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2012 World Ag Expo Seminar: Outlook on dairy’s 2012 prices and beyond

PD Editor Karen Lee Published on 29 February 2012


James De Jong (right), agriculture analyst for Rabobank N.A., began his morning seminar echoing how important the export market is to the U.S. dairy industry for 2012 and beyond.



“Without this global market we would not have been able to grow at the rate we are accustomed to in the U.S.,” De Jong said. The U.S. dairy industry is highly linked to the global market.

To exit that market would mean contracting the industry by 8 to 10 percent, a feat that would be detrimental to most dairymen.

Population, income growth and urbanization are driving increased dairy consumption globally. A lot of this growth is not going to be happening evenly across the world, he said.

China and Southeast Asia are at the forefront. Consumption is also anticipated to grow in India, but that country believes it can be self-sufficient in supplying the demand.

Slower growth is expected in North America and the European Union, as incomes aren’t growing nearly as fast and the market is quite saturated with dairy already.


Cost of production is high all over the world and De Jong said he believes dairymen will have to garner a high price for milk in order to keep producing. The U.S. will most likely become a supplier to other countries where the cost of production is higher than here.

He stated that the gap in cost of production has really started to close between New Zealand and California, allowing U.S. export products to be competitive with New Zealand’s prices.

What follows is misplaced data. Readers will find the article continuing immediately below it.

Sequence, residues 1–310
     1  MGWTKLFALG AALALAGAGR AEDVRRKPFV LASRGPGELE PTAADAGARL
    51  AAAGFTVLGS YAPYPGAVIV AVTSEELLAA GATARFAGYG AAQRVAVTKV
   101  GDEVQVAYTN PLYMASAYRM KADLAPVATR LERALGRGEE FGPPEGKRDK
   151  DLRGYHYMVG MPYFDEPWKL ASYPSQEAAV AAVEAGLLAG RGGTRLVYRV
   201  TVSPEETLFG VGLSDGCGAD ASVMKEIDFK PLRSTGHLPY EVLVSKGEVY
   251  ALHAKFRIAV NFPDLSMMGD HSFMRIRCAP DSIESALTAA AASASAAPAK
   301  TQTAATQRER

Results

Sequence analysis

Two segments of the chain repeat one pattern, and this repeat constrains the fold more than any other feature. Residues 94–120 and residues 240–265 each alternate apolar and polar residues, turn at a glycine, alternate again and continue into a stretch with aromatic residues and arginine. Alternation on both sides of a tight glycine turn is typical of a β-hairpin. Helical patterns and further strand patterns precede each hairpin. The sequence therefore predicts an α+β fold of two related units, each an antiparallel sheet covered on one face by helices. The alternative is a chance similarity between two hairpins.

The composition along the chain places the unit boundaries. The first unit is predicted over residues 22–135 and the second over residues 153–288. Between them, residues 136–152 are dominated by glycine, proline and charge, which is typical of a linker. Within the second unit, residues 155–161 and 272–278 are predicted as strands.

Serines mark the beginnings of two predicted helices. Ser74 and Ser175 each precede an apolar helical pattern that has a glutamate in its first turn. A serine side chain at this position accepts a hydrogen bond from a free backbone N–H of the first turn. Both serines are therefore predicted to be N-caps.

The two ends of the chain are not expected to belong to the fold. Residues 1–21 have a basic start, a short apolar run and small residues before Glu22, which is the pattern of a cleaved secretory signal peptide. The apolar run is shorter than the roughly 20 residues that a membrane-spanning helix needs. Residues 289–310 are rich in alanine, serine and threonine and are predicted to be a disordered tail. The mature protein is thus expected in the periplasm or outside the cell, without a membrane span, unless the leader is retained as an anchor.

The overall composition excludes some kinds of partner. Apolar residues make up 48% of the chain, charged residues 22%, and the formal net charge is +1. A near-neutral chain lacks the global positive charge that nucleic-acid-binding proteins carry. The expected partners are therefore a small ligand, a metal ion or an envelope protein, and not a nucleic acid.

De Jong said that while he is aware of the recent drop in California milk prices, when looking ahead to this next year, dairy prices will need to be between $16 and $19.50 to keep the current milk supply. Most California milk producers that are purchasing feed are finding breakeven at $16 to $16.70.

He is predicting a $30 to $50 drop per tonnage basis on hay this next year as more dairy producers are opting for corn silage instead. However, it won’t drop much more than that as hay producers are shy about planting too much and not being able to sell or not being paid for what they do sell.

The corn price is expected to stay fairly high at $5.75 to $6.50 per bushel or $205 to $235 per ton through 2012. This price is holding due to the dry weather pattern in South America.



De Jong’s colleague, Vernon Crowder (right), said 2012 is going to be a tougher year than last year. Cows are producing a lot of milk, and the current prices are down and not sustainable.

Dairy producers should expect to see interest rates start to pick up later next year or in 2014, Crowder said. Those increases will strengthen the U.S. dollar, which could hurt the export market. Land prices may also fall 10 to 20 percent in that time.

Now that the U.S. is a player on the global market it is extremely important to the industry; however, it is also very volatile. De Jong said dairy producers need to adopt some sort of strategy to deal with the volatility, whether it is building a stronger balance sheet, owning land, hedging feed and/or using the futures market. PD

Expo seminar summaries
For the first time ever at World Ag Expo, Progressive Dairyman presented nine dairy-specific seminars. Prominent experts from across the U.S. addressed issues at the forefront of today’s dairy industry.


Karen Lee
Midwest Editor